Reasonable and right
“…it is reasonable and right that men should strive to make the useful wares which they produce beautiful just as Nature does; and that they should strive to make the making of them pleasant, just as Nature makes pleasant the exercise of the necessary functions of sentient beings. To apply art to useful wares, in short, is not frivolity, but a part of the serious business of life.” — William Morris
One year ago today my post was about my love of romantic Victorian decorating, and how it might seem to be at odds with my growing conviction that simplicity is the answer to many modern dilemmas. As I wrote then, I’ve learned to enjoy such frilly delights without needing to own, dust, or maintain them, especially now that there are abundant online images to enjoy through Pinterest and other social media.
In recent months I’ve been particularly drawn to learning more about the “tiny house movement,” as it is sometimes described. I have no delusion that I am anything close to ready for such radical downsizing, but I still think it’s a fascinating concept worthy of attention. One facet of this lifestyle that I find appealing is the attractive design of many of these tiny abodes. Maybe it’s because, as a child, I dreamed of having my own little playhouse of about the same size and design.
Dee Williams’ 84-square-foot home is an extreme example of the tiny house movement (most are up to 400 square feet) so it’s not truly typical of the small homes many families have chosen. And certainly the cottages of the Martha’s Vineyard Camp Meeting Association, pictured at the top of this page, are far too large to be considered tiny homes. Yet they are considerably simpler than the homes belonging to us and most of the people we know, while possessing a unique charm that many newer, more ostentatious homes lack.
William Morris, who is quoted above, produced high quality furnishings normally associated with wealthy or upper middle class consumers. But note that Morris (an ardent socialist) said nothing about size, quantity or monetary value; rather, his emphasis was on the marriage of beauty and utility; the combination of aesthetics with practicality. Perhaps his ideal is echoed in the delightful designs of the cottages pictured above, and in the cute coziness of many of the tiny homes springing up across the country and around the world.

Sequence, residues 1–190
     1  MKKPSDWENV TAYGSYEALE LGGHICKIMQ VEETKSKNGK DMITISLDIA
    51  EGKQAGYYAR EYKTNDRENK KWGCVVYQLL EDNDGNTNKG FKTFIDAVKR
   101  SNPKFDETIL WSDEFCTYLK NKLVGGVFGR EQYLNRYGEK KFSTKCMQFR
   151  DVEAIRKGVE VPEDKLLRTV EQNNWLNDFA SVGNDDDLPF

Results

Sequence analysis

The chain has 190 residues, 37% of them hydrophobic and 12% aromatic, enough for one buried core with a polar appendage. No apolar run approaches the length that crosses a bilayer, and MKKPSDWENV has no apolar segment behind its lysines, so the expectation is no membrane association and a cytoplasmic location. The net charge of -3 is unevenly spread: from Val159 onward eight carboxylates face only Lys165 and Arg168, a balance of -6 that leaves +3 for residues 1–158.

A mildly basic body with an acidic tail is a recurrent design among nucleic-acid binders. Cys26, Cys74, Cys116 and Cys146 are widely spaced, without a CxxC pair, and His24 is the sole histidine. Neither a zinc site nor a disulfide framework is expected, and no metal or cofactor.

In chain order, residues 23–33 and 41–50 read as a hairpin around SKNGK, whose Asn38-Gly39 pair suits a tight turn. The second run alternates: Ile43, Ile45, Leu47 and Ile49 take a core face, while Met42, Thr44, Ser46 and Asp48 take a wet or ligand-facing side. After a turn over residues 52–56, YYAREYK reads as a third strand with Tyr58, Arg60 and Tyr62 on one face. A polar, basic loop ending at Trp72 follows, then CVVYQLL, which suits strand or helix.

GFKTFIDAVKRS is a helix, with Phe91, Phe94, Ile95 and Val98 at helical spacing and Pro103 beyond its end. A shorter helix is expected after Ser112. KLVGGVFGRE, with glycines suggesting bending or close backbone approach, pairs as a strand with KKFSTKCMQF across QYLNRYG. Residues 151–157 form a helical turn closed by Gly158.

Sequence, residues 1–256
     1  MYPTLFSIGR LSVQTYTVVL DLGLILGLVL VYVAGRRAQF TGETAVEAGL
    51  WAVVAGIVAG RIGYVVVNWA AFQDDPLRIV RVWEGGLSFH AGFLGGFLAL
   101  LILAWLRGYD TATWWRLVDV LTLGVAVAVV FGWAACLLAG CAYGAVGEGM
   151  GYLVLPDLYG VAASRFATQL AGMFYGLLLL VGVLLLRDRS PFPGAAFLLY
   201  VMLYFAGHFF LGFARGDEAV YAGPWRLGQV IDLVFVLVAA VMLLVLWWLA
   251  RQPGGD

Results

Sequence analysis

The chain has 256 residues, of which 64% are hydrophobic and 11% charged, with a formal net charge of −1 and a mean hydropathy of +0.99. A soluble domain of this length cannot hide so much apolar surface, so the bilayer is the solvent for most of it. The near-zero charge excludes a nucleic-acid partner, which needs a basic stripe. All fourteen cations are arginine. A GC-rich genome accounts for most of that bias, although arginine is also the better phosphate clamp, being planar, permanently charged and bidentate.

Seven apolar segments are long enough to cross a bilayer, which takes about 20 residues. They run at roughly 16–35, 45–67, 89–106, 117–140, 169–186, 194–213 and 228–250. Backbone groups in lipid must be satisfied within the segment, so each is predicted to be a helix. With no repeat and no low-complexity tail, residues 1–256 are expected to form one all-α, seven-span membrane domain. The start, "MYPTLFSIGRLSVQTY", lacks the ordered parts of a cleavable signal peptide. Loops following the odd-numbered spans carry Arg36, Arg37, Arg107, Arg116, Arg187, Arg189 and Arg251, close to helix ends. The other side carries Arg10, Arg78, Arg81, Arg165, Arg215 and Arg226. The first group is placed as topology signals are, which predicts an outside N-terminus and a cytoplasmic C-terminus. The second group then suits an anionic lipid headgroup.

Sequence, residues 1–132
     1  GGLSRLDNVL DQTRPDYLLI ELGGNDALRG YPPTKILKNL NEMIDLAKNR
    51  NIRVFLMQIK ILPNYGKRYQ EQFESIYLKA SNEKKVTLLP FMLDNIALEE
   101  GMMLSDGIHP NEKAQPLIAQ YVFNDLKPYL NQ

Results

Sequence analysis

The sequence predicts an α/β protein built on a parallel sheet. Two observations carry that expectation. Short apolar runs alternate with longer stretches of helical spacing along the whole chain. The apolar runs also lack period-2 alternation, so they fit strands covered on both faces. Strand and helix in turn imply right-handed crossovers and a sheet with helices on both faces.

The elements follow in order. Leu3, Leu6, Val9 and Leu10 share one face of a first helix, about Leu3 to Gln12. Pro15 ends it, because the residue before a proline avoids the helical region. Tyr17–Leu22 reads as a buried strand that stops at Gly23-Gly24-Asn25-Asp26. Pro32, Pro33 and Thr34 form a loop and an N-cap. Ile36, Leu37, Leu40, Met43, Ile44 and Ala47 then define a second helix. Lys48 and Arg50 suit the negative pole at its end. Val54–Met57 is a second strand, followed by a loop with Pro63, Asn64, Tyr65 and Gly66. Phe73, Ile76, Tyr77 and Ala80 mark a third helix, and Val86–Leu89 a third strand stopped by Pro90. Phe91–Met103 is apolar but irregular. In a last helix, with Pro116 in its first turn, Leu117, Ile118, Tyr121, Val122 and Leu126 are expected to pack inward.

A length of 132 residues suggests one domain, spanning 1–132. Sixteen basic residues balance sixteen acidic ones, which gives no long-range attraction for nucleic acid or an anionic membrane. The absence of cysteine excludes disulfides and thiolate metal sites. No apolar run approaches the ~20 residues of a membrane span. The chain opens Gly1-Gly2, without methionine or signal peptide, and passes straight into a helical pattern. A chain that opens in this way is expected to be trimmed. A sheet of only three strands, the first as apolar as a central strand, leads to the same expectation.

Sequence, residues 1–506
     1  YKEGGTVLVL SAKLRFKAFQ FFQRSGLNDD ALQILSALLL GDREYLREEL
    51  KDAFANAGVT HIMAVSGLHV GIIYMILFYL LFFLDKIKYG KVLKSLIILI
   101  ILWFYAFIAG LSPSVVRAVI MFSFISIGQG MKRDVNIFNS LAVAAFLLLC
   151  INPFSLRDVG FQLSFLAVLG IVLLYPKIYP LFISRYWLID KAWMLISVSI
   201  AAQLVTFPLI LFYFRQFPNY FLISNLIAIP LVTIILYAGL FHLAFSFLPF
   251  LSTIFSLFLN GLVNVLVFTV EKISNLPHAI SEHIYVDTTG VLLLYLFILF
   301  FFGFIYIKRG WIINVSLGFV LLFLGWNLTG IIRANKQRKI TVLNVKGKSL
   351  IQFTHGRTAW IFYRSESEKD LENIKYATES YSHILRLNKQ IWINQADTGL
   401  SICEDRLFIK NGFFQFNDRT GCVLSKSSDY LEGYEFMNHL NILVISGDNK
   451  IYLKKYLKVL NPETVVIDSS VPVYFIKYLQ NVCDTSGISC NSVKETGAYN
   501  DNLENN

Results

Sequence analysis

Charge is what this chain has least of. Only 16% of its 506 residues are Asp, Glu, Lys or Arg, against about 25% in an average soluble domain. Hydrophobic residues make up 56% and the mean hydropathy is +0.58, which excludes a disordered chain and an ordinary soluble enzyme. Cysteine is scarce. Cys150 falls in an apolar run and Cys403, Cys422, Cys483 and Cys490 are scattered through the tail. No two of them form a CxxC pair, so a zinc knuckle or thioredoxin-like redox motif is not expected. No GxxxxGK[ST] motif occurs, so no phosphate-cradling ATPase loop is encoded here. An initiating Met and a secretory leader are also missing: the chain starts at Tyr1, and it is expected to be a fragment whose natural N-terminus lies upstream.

For the majority of us who are not ready for such a drastic departure from the norm, there are some helpful lessons to be learned from those who are choosing this path. You’ll find more food for thought in this post, titled “The top 10 tips I’ve learned from minimalists” at Lara’s blog, The Extraordinary Simple Life.
Advertising may have influenced us to associate beauty with excessive spending and prestige brands, but economic and ecological concerns are causing many of us to re-think our ideas about what is necessary and desirable. Contrary to what we may have been told, practicality and beauty are not mutually exclusive, just as material possessions and happiness don’t always go hand in hand.
Since I have enjoyed dividing our time between two “normal” size homes, I would have a long way to go– and lots of belongings to shed– before I could live full time in a tiny house, or even a gingerbread cottage. But I applaud these modern pioneers of a new (old) way of life, who are proving that frugal does not have to be frumpy, and downsizing can be delightful.
One year ago today: